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Looking at Hitters with Good Eyes and Little Power

When you write about the minor leagues, you develop certain things you look for in the players. You also develop a tendency to categorize players pretty quickly. Do they look like they have a good approach? Do they have a lot of power? Whatever the categories I choose, I tend to think of guys as below or above average in each and split them up accordingly.

So and so seems to have good plate discipline, but he couldn't hit a home run if he was swinging from second base. This guy swings at pitches like he's trying to protect something behind home plate from them, but he can sure hit the ball a mile. You get the picture. It's not exactly revolutionary.

Well, as people look at the different styles of hitters, certain narratives develop as to what their strengths or weaknesses might be as they move toward the majors. One example I hear a lot is the low level, slappy hitter who draws lots of walks. The common knock on this type of player is that once more advanced pitchers know they don't have to worry about anything but singles, they will pump the strike zone, the walks will go away and soon, so will the flawed hitter.

To get to the type of player we're talking about, I cut out all the players with lower than average walk rates (walks divided by plate appearances). This group was further reduced by selecting only the players with an isolated power (slugging minus batting average) that was 80% of the league average or less.

That left us with players who walked more than the league average, but had an isolated power that was twenty percent lower than league average or less. I chose 2006 and 2007 because I figured that gave the players who were in the Midwest League in those years time to let their career paths play out.

Starting with these players, those in the Midwest League in 2006 and 2007, I discovered that most of their careers are just that - played out. The 2006 group consisted of eleven players and only one of them has made it to the major leagues. It just so happens the Tigers are wondering if that player, Will Rhymes, might be their starting second baseman in 2011. The rest of the group has not fared so well, as only four of the others are even playing affiliated ball at this point.

The 2007 group hasn't done too much better. None of the six players who meet our parameters have made it to the majors and only two are still playing affiliated ball. Considering Abel Nieves hit .230/.323/.301 in 382 plate appearances between Double A and Triple A last season, that number may be down to one soon. The other player was Cedric Hunter, who's still just 22 and an outfielder in the Padres' system.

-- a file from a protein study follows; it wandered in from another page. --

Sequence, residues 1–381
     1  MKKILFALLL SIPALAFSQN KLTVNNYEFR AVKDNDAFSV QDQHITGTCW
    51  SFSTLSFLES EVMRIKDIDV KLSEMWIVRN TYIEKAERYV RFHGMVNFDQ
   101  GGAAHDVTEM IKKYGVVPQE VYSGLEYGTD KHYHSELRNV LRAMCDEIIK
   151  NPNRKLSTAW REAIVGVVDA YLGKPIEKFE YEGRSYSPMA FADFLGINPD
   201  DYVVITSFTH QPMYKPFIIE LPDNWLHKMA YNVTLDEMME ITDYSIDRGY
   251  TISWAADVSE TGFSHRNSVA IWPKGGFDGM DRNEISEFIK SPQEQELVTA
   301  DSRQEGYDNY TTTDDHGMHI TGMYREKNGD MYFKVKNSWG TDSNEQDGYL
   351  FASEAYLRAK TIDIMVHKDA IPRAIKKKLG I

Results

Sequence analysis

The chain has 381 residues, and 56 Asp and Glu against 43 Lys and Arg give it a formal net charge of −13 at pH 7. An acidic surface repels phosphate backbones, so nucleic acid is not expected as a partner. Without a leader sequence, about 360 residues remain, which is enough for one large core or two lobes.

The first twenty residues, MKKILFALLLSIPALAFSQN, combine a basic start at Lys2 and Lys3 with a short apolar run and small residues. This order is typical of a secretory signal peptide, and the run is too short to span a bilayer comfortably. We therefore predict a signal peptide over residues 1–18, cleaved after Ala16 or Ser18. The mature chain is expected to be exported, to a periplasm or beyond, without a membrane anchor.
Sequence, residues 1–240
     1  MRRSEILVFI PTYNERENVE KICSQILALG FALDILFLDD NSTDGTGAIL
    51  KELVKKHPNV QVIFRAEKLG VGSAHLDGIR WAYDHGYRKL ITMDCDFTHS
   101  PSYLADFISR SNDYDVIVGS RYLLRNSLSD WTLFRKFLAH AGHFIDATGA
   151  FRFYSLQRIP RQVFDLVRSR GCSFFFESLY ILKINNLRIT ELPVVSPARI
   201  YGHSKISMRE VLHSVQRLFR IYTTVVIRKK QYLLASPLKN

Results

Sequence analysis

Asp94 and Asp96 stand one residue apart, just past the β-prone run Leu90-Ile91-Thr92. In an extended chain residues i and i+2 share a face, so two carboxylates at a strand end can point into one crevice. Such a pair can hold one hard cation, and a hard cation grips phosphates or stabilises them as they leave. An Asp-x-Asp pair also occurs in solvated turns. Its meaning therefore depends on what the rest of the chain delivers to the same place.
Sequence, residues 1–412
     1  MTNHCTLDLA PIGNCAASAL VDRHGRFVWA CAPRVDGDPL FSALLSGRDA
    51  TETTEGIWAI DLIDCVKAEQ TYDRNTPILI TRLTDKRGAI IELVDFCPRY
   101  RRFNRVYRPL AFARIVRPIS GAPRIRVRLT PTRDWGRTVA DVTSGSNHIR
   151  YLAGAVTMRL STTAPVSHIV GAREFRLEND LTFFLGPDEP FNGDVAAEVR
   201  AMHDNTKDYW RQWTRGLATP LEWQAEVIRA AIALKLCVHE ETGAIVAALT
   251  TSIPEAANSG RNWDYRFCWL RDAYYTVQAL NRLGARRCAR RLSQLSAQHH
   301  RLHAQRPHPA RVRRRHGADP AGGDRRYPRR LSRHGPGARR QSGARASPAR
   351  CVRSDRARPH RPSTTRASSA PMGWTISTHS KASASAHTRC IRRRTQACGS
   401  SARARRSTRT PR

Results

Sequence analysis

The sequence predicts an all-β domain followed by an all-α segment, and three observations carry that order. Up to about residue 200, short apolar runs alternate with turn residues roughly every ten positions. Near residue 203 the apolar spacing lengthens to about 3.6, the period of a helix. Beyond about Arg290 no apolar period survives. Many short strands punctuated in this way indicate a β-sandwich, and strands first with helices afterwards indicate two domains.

What's interesting about both groups is that it isn't the walks going away that seems to plague these players. Sure, the rates do drop a bit as they climb toward the majors but it's certainly not precipitous. Their problems lie more in their falling batting averages.

In the Midwest League, we're talking about 16 different players (Mike Massaro was in both the 2006 and 2007 groups). Every single one of them had a batting average that was above the league average. Two years after these guys were in the Midwest League, only 12 were still playing affiliated ball and only half of those 12 were still hitting at or above league average. After the 2010 season, only seven of these players were still playing and it's pretty safe to say only two or three still have a shot at playing in the major leagues at all.

These players - as a group - may have been able to maintain their ability to draw walks at an above average rate. But their lack of power means they can't afford to lose too much from their batting averages. It would seem their nemesis isn't so much more advanced pitchers pounding the strike zone. It's more advanced defenses gobbling up their singles and turning them into ground outs.

To be clear, I'm not proposing that this dinky little study is offering us anything conclusive. I do find this information interesting, though. I think it offers us enough evidence to think twice before we sink our teeth into broad stroke assumptions about what certain skillsets mean for a player's future.

When we see slap hitters in the Tigers' system like Jeff Rowland or Jamie Johnson, our assumption might have been that a decrease in their notable walk rates would lead to their topping out in Erie or Toledo (if they make it that far). This suggests, though, that even if they continue to draw walks - the group described above even suggests we can expect it - that doesn't mean they will be successful.

They will need to continue to find holes in the infield and pepper the outfield with well hit line drives. If they're unable to do that, the walks simply won't be enough. What's more, the volatile nature of batting average tells us just how precarious a position this type of player will find themselves. To me, this suggests this type of player will have to be exceptional in other aspects of the game to carry them when their batting average falters.

It's a good thing the position where we've seen this profile most in the Tigers' system is center field. Being placed in center field suggests these players possess speed and defensive instincts. If they put the foot speed to use on the basepaths, they may be able to get their managers to look past the times when their batting average is dropping.